A Strange Secret Entrance
is the hidden place that you access by seemingly impossible means. When Alice first tells Bob about the Strange Secret Entrance
and how it is reached, Bob (usually) doesn't believe what he's hearing until he sees Alice easily access this hidden area with the exact same method that she described to Bob. He can't make his way in at first, even by copying Alice exactly.
May involve passing through a Cool Gate
. In video games, frequently overlaps with Developer's Room
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- In the first Oh, God! movie, God meets the main character on the 27th floor... in a building with only 17.
- Megamind has Megamind's secret lair's entrance hidden by a hologram that makes the entrance looks like any other wall...and Minion screws it up by putting a welcome doormat where the entrance is because he keeps forgetting where it is and getting lost trying to get in.
- In the Harry Potter series is Platform Nine-and-Three-Quarters, a secret train platform between numbers 9 and 10, at the King's Cross railway station in London. Wizards and witches (but not muggles) can get to this hidden stop by walking through a certain brick pillar that separates Platform 9 from Platform 10. (At the real King's Cross, incidentally, the real platforms 9 and 10 are actually on opposite sides of the railway lines.)
- Harry Potter also has Diagon Alley, whose most mundane entrance can be accessed by going through an inn (which seems to be enchanted to keep muggles from seeing it anyway) and tapping exactly the right spot on a brick wall with a wand.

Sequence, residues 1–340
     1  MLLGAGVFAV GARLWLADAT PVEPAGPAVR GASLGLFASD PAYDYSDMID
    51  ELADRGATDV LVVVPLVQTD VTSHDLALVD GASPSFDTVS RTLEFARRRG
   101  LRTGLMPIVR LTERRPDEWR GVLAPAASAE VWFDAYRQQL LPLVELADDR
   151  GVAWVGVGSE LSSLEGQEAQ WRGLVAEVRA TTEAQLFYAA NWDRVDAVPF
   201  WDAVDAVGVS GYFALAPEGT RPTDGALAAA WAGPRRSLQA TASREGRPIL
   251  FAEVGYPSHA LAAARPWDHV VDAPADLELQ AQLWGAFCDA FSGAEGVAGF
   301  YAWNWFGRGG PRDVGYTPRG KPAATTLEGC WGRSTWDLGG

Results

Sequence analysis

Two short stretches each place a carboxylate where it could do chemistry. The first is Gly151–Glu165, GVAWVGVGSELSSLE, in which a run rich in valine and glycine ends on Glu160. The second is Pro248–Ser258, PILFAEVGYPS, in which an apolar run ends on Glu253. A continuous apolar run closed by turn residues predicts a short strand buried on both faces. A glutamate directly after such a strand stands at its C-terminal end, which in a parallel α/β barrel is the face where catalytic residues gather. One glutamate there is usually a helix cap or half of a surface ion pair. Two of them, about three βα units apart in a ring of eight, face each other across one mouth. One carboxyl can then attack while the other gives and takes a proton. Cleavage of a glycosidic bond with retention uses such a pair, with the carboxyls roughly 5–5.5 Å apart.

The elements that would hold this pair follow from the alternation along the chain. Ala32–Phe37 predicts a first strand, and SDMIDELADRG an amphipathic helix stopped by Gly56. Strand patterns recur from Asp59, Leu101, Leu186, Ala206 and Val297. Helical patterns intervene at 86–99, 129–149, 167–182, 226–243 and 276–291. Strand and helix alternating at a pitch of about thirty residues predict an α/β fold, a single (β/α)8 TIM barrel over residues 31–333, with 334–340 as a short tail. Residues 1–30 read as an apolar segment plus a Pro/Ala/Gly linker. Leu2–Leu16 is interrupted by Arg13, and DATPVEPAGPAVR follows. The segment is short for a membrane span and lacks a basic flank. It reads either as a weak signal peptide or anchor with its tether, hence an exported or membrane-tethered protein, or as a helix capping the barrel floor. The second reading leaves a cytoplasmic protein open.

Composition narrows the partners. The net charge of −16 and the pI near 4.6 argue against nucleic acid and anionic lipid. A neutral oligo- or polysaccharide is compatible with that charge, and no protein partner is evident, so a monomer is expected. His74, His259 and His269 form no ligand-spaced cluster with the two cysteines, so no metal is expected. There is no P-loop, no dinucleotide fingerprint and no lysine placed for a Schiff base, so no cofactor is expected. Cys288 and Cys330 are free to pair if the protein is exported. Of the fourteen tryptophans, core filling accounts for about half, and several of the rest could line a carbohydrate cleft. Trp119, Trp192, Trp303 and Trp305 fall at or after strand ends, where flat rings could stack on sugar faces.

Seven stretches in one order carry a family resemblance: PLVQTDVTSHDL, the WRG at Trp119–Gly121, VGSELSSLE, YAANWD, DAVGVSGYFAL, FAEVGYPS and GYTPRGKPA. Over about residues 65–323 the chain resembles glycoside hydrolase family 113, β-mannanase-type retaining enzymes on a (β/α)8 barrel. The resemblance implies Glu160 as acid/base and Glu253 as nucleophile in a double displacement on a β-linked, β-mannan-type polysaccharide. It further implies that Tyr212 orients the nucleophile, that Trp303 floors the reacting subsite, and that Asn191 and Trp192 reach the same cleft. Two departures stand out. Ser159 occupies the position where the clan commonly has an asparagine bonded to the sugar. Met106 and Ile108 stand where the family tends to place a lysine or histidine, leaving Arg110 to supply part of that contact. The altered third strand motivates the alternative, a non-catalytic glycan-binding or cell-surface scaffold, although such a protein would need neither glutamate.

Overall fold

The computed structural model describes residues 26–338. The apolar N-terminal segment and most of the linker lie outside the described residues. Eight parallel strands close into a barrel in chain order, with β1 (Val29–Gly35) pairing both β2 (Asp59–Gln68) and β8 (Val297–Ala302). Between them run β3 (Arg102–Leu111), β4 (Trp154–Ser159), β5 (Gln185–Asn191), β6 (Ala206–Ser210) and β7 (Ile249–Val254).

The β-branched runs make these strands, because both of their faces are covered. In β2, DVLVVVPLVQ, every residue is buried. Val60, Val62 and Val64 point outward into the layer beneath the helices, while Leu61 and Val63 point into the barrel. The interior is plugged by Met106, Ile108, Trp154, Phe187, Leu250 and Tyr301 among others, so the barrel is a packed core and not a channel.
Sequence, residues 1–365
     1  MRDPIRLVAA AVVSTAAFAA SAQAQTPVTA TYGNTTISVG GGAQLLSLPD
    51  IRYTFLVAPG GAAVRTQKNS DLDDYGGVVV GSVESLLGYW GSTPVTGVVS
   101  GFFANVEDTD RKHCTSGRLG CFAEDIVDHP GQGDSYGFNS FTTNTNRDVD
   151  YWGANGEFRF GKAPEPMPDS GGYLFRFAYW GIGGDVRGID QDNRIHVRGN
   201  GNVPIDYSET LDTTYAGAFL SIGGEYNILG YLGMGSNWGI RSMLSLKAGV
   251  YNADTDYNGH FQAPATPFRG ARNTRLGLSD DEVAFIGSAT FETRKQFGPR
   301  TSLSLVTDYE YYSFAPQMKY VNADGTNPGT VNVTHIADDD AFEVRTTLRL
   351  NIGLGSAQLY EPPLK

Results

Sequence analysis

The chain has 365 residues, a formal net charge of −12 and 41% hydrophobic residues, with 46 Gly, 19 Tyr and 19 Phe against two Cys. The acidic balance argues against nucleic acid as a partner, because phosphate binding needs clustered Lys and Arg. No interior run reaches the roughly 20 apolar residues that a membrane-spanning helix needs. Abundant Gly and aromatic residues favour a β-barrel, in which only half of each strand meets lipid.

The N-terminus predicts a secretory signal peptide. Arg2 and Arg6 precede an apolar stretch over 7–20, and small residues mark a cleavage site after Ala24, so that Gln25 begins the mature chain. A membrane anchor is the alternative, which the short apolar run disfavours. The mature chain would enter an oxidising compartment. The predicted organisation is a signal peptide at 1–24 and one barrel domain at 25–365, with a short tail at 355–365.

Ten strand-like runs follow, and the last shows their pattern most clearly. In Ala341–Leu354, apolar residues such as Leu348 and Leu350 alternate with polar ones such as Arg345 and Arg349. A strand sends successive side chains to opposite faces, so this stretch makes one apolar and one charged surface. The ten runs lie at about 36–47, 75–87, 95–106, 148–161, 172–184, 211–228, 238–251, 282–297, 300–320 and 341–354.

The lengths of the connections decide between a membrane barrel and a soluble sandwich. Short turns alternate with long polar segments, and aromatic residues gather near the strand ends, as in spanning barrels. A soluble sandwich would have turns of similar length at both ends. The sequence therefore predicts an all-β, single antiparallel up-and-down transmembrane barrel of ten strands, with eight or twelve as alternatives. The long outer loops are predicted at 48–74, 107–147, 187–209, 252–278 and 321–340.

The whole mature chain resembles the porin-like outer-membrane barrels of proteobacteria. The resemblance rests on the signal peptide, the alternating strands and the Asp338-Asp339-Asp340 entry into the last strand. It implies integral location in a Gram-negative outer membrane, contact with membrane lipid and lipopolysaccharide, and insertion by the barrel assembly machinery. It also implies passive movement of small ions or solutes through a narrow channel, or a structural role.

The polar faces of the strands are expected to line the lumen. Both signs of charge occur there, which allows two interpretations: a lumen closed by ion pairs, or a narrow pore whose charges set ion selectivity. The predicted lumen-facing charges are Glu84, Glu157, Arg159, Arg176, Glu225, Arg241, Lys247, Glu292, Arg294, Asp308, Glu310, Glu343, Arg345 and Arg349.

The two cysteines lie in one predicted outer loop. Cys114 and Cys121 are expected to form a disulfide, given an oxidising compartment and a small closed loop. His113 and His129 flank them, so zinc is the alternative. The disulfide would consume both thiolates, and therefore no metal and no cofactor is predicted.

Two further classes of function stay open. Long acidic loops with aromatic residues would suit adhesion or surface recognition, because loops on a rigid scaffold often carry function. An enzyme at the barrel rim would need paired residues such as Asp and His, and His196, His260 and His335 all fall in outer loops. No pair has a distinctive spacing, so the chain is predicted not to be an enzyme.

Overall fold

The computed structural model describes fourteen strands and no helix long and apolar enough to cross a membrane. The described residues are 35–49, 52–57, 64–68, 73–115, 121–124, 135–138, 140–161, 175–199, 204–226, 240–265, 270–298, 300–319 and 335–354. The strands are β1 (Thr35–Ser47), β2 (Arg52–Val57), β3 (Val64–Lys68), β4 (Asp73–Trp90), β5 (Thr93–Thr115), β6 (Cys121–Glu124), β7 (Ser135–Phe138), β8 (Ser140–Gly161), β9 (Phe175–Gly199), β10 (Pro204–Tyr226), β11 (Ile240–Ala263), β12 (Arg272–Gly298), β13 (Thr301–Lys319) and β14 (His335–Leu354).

- A third Harry Potter example is the Room of Requirement in Hogwarts, which one accesses by walking past its door while consciously thinking of needing something. The room then supplies what you need.
- There are two ways to enter the Ministry of Magic: one is an elevator disguised as a phone booth, the other is flushing yourself down a public toilet.
- The eponymous location in The Secret of Platform 13 gives a good example.
- In The Chronicles of Narnia, Narnia is, at least in the The Lion, the Witch, and the Wardrobe, accessed by walking through the wardrobe. Other ways to get in include trans-dimensionally-travelling magic rings, accidentally falling through a 2D painting and getting hit by a train.
- The Wheel of Time: The Eye of The World can only be found once by any person, with a single exception. It moves, but always within a specific, very dangerous region.
- Similarly are the worlds of the Finn (Snake and Fox People) which are accessed through two doorways with eye-wrenching curvature. Or entering through the tower of Ghenjei, but that's more dangerous because the doors bind them to bargains and certain rules. The main characters have an argument when three of them come out of the door and are informed that at most one person should be inside and that one of them was using magic, which is a no-no.
- Wayside School is thirty stories tall, but of those thirty, they forgot to build the nineteenth. It does not exist, and its resident teacher Miss Zarves and her entire class are entirely imaginary. Nonetheless, a student ends up there by accident in one story.
- In David Eddings' Tamuli, the city of Cyrga is found this way, involving a long and detailed set of instructions from an oasis across the desert and culminating with finding the exact spot where an illusion conceals an entrance through the mountains by lining them up with the Pillars of Cyrgon.